Italy announced Wednesday it is granting 720 million euros (823 million dollars) to Russia to help it destroy its huge chemical weapons arsenal and safely dispose of its Soviet-era nuclear submarines.
The deal was signed by the Italian and Russian foreign ministers, Franco Frattini and Igor Ivanov, during a visit to Rome by Russian President Vladimir Putin, the Italian foreign ministry said in a statement.
Under the accord, a special facility will be built at Potchep in northwest Russia to destroy part of Russia’s chemical weapons.
Russia has pledged to destroy its stockpile of chemical weapons # estimated at 40,000 tonnes and the world’s largest # by 2012.
Dismantling the stocks of military plutonium and chemical weapons, seen as vulnerable to theft in the corruption-tainted post-Soviet era, was made a priority goal in international efforts to halt proliferation, prompting leaders at the G-7 summit at Kananaskis, in Canada, last year to offer up to 20 billion dollars in aid to dispose of them.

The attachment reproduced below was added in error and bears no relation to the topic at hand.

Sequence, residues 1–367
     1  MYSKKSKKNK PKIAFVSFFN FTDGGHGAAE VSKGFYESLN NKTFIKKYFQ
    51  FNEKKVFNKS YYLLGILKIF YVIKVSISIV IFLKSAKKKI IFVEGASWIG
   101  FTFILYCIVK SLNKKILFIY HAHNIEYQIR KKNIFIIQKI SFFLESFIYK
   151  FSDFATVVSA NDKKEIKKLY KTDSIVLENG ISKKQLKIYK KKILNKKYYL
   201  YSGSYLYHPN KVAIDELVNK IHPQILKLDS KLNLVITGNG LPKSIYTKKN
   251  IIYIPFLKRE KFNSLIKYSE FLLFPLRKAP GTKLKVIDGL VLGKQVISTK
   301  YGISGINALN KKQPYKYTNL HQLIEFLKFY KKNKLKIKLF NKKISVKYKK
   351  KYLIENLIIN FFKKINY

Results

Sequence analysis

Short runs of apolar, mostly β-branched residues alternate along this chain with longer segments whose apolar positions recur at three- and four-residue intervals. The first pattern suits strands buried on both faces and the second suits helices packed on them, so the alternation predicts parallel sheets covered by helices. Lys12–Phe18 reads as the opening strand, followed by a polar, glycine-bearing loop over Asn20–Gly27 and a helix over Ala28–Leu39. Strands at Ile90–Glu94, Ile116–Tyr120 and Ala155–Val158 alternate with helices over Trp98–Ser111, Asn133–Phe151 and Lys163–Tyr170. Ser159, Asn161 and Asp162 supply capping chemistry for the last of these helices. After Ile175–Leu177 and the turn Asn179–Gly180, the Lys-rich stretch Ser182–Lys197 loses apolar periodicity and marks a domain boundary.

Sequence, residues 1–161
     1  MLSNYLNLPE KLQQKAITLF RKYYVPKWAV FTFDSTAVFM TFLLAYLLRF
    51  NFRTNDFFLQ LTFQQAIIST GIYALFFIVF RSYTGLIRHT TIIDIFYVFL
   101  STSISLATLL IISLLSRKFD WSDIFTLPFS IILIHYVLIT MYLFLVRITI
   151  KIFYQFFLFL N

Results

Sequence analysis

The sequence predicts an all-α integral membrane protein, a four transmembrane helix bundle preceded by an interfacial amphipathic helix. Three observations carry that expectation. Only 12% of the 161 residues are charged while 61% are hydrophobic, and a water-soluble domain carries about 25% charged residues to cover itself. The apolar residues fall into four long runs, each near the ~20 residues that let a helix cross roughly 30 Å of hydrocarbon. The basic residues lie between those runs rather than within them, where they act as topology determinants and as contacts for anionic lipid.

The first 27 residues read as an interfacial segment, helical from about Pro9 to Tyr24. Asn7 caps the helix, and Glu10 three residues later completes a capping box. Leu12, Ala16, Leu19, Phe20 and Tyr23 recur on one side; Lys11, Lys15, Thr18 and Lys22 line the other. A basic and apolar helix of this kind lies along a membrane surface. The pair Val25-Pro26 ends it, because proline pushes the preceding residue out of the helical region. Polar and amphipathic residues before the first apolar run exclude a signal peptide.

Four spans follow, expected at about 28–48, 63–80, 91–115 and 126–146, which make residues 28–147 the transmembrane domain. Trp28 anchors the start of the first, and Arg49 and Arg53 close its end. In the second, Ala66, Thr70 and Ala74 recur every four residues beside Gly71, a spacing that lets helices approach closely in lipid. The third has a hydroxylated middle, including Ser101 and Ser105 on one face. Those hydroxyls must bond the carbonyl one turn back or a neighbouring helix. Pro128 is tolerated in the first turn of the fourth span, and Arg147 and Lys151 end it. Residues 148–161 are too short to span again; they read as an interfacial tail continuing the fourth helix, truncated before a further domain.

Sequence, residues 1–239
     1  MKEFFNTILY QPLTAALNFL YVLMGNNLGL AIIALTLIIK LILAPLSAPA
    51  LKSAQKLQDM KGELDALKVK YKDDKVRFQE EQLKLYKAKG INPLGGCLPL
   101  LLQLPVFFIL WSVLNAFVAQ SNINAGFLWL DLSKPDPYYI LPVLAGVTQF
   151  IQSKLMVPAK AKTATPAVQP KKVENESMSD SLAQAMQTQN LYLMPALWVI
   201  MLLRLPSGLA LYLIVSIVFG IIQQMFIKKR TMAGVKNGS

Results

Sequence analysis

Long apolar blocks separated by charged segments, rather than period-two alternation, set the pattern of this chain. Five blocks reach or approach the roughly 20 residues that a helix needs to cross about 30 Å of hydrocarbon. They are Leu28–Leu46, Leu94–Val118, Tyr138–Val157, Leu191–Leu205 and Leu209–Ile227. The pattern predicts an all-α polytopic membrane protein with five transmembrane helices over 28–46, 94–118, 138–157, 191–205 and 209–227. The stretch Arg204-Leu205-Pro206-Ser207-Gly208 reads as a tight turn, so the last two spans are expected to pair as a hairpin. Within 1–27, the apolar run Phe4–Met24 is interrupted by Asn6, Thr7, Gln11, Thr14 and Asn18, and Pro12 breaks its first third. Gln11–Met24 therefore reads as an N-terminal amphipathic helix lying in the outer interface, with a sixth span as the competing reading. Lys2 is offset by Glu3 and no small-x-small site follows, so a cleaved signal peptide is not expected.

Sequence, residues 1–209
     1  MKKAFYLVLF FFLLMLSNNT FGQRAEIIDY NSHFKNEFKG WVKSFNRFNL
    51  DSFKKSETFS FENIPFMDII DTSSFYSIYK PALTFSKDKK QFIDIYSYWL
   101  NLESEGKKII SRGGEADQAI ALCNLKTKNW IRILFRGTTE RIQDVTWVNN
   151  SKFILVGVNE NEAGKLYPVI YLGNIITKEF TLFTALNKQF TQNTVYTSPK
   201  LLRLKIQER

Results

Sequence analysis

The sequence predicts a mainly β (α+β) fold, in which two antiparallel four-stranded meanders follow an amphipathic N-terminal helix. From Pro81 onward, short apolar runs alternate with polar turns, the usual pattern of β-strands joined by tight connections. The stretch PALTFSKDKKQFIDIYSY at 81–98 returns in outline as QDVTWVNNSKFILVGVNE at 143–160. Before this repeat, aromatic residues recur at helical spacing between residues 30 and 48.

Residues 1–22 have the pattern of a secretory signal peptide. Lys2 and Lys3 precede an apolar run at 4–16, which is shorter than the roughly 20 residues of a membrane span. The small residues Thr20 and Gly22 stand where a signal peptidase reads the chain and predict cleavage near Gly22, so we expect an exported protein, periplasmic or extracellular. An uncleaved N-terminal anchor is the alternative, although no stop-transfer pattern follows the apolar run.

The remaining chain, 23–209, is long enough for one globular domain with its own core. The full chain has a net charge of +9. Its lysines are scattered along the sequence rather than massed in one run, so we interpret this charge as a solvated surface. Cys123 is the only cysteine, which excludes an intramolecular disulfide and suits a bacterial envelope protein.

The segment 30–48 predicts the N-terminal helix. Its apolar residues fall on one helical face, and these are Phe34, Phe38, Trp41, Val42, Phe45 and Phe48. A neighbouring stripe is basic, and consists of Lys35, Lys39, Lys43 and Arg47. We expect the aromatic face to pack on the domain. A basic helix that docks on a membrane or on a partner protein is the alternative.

Wednesday’s agreement covering nuclear submarines also includes the disposal of radioactive fuel, the Italian statement said.
According to the Russian atomic energy ministry, 192 Soviet-era and Russian submarines have been decommissioned since the 1980s, of which 89 have been dismantled.
Of the 103 nuclear submarines awaiting dismantlement, 76 still contain a nuclear reactor.